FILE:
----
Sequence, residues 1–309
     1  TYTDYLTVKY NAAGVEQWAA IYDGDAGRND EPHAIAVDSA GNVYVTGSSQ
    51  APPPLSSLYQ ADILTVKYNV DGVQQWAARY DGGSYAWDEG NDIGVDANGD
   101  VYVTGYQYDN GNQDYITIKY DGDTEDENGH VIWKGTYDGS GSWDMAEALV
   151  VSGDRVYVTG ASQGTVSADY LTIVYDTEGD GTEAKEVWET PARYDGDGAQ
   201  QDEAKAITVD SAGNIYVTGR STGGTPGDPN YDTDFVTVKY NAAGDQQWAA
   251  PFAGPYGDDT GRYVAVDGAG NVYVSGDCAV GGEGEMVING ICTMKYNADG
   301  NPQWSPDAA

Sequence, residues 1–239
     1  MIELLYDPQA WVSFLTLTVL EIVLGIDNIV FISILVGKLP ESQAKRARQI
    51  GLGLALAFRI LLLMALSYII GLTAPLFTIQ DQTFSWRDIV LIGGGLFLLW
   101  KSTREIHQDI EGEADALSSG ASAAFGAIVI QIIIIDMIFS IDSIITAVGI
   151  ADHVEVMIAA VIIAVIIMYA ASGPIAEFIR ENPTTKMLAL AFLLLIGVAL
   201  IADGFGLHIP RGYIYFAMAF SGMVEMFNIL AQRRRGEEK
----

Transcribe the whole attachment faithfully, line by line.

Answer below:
Sequence, residues 1–309
     1  TYTDYLTVKY NAAGVEQWAA IYDGDAGRND EPHAIAVDSA GNVYVTGSSQ
    51  APPPLSSLYQ ADILTVKYNV DGVQQWAARY DGGSYAWDEG NDIGVDANGD
   101  VYVTGYQYDN GNQDYITIKY DGDTEDENGH VIWKGTYDGS GSWDMAEALV
   151  VSGDRVYVTG ASQGTVSADY LTIVYDTEGD GTEAKEVWET PARYDGDGAQ
   201  QDEAKAITVD SAGNIYVTGR STGGTPGDPN YDTDFVTVKY NAAGDQQWAA
   251  PFAGPYGDDT GRYVAVDGAG NVYVSGDCAV GGEGEMVING ICTMKYNADG
   301  NPQWSPDAA

Sequence, residues 1–239
     1  MIELLYDPQA WVSFLTLTVL EIVLGIDNIV FISILVGKLP ESQAKRARQI
    51  GLGLALAFRI LLLMALSYII GLTAPLFTIQ DQTFSWRDIV LIGGGLFLLW
   101  KSTREIHQDI EGEADALSSG ASAAFGAIVI QIIIIDMIFS IDSIITAVGI
   151  ADHVEVMIAA VIIAVIIMYA ASGPIAEFIR ENPTTKMLAL AFLLLIGVAL
   201  IADGFGLHIP RGYIYFAMAF SGMVEMFNIL AQRRRGEEK